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Britain warns US-Iran conflict could break out 'by accident'

AP  |  Brussels 

Britain warned Monday that conflict might break out "by accident" amid rising tensions between the and Iran, as U.S. held talks with powers backing the nuclear deal with the Islamic republic.

The warning came as said that two of its tankers were sabotaged off the coast of the in attacks Sunday that caused "significant damage" to the vessels, one of them as it was heading to pick up Saudi to take to the U.S.

has warned ships that "or its proxies" could be targeting maritime traffic in the region and said it was deploying an and bombers to the to counter alleged threats from

"We are very worried about the risk of a conflict happening by accident, with an escalation that is unintended really on either side but ends with some kind of conflict," British told reporters in

"What we need is a period of calm to make sure that everyone understands what the other side is thinking," Hunt said, adding that would share those concerns Monday with European partners and Pompeo.

The U.S. pulled out of the 2015 nuclear accord a year ago, saying it does nothing to stop developing missiles or destabilizing the The Europeans insist the agreement was never meant to address those issues but has been effective in curbing Iran's nuclear ambitions.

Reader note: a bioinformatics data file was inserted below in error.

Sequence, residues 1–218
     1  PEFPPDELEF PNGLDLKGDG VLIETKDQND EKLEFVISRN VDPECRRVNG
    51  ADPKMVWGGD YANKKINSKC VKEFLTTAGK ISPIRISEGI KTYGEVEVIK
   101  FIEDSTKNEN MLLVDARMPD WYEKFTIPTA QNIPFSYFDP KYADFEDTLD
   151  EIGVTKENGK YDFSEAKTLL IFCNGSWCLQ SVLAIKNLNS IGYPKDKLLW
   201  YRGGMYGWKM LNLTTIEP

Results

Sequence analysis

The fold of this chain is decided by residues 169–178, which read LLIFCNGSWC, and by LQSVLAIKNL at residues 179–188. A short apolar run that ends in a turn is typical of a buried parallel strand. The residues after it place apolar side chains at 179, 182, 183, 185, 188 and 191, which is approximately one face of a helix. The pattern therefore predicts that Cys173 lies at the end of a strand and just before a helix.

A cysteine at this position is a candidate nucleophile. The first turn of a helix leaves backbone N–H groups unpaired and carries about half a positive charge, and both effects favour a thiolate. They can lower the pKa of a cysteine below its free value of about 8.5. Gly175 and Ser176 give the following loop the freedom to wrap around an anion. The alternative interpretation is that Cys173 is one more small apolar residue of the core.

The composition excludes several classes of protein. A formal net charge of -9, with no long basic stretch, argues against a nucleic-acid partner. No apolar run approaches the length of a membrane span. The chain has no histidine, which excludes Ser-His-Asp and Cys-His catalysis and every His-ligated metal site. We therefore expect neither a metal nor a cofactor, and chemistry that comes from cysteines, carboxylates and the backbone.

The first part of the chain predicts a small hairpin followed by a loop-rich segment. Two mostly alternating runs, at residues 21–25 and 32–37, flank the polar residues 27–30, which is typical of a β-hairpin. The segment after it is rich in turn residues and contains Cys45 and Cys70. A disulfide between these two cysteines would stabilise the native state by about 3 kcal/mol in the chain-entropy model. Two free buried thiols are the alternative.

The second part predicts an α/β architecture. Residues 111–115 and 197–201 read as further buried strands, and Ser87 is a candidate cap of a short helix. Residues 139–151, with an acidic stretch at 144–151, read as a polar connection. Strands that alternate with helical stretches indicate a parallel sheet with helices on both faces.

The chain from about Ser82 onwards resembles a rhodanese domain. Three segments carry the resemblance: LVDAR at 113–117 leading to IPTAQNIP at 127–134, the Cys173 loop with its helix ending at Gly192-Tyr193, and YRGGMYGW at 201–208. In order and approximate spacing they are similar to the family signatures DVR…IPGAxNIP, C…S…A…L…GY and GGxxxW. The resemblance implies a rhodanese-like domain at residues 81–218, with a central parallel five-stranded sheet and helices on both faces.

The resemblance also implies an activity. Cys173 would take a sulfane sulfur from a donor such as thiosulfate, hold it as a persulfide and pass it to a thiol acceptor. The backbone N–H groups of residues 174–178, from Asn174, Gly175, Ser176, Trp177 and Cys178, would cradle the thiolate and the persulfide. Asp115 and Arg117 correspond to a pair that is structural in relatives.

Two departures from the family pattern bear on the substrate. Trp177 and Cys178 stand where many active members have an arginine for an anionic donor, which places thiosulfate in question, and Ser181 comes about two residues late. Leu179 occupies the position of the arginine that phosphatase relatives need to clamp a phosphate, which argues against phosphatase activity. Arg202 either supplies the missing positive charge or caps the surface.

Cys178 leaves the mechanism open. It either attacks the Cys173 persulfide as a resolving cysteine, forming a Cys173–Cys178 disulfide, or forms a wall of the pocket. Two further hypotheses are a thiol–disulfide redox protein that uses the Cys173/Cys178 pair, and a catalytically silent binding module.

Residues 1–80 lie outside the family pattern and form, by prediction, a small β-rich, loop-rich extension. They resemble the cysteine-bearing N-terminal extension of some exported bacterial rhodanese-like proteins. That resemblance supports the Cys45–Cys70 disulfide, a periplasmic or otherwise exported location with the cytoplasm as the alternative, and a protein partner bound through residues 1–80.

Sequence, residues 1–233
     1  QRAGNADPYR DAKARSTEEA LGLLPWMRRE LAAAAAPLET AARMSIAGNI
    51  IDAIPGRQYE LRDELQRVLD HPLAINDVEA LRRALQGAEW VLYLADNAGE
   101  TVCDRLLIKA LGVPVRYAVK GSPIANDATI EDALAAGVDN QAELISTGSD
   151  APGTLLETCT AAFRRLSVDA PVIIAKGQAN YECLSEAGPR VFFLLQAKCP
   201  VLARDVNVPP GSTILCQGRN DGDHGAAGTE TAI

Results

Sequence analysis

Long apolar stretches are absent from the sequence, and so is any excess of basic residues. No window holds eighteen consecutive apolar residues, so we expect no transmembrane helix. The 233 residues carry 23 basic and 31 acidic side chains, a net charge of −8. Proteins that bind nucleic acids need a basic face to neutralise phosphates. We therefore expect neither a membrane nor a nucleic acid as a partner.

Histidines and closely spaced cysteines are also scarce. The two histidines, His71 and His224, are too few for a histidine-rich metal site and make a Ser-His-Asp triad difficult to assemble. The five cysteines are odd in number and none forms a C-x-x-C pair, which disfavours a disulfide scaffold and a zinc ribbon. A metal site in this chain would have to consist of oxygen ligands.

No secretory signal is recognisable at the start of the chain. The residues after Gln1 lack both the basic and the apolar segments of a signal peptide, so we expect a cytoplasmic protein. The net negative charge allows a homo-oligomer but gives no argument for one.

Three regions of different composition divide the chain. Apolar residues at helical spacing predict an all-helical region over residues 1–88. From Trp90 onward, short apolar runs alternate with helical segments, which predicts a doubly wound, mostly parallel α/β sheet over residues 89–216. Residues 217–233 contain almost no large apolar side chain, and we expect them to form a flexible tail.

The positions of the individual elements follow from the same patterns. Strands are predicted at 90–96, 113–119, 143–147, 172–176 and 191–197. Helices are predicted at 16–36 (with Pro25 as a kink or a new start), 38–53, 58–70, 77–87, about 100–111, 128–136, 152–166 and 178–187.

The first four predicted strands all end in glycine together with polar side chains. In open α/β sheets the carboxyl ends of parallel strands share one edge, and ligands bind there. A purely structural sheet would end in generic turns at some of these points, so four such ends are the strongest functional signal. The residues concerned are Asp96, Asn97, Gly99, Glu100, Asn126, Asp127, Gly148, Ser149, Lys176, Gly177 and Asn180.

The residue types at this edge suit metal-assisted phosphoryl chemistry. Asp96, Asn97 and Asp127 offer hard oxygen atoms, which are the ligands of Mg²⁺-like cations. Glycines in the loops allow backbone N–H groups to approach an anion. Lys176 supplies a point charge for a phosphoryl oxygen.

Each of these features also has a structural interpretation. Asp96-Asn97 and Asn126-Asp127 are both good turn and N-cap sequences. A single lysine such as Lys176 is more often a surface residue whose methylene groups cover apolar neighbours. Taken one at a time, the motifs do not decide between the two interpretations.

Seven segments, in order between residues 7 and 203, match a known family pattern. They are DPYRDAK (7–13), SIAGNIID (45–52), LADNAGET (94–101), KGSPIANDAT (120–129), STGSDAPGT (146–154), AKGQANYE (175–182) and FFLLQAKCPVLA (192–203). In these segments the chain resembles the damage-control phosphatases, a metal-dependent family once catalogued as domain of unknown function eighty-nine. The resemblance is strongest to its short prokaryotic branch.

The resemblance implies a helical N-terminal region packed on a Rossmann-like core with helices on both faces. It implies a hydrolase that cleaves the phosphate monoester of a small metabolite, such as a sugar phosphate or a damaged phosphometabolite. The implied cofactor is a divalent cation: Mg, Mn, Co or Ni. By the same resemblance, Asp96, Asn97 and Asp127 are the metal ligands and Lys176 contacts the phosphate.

Tensions mounted last week, when Iranian said that signatories to the deal now have 60 days to come up with a plan to shield his country from the sanctions imposed by

French described the remarks suggesting that might renege on the agreement as "very worrying," given that the EU is still respecting the deal and trying to bolster the country's economy.

Hunt warned of the importance of ensuring that Iran doesn't resume banned atomic activities, saying that "if Iran becomes a nuclear power, its neighbors are likely to want to become nuclear powers. This is already the most unstable region in the world. This would be a massive step in the wrong direction."

The meeting between Hunt, his counterparts from and Germany, and EU comes as the Europeans struggle to keep financial supply lines open to Iran to offset the impact of U.S. sanctions on the Islamic republic's shattered economy.

"We in agree that this treaty is necessary for our security," German said. "Nobody wants Iran to get possession of an atomic bomb, and that's been achieved so far."

As the U.S. sanctions bite, domestic pressure is increasing on Rouhani to demonstrate that Iran can still benefit from an agreement based on providing it with economic opportunities in exchange for limiting nuclear development.

Maas said the Europeans "are working on the assumption that Iran won't withdraw step by step from this treaty, but rather meet all of its commitments." Even so, the EU cannot keep Iran's economy afloat alone.

The Europeans have set up a complicated barter-type system to skirt direct financial transactions with Iran and so evade possible U.S. sanctions.

The workaround, dubbed INSTEX, is not yet operational as Iran has not completed its part of the scheme.

They have also introduced a "blocking statute" protecting European companies from the effects of U.S. sanctions, but many international corporations do more business in the than in Iran and have already severed ties there rather than risk running afoul of

"We have already initiated concrete steps in recent months, especially as concerns the payment channel and INSTEX. Now this instrument needs to be further operationalized and used in order to continue implementing" the nuclear agreement, Maas said.

(This story has not been edited by Business Standard staff and is auto-generated from a syndicated feed.)

First Published: Mon, May 13 2019. 19:41 IST